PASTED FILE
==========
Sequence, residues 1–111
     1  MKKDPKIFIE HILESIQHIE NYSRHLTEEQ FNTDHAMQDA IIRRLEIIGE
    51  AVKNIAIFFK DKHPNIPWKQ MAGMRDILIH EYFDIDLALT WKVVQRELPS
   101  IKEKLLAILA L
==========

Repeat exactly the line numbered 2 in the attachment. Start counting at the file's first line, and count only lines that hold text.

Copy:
     1  MKKDPKIFIE HILESIQHIE NYSRHLTEEQ FNTDHAMQDA IIRRLEIIGE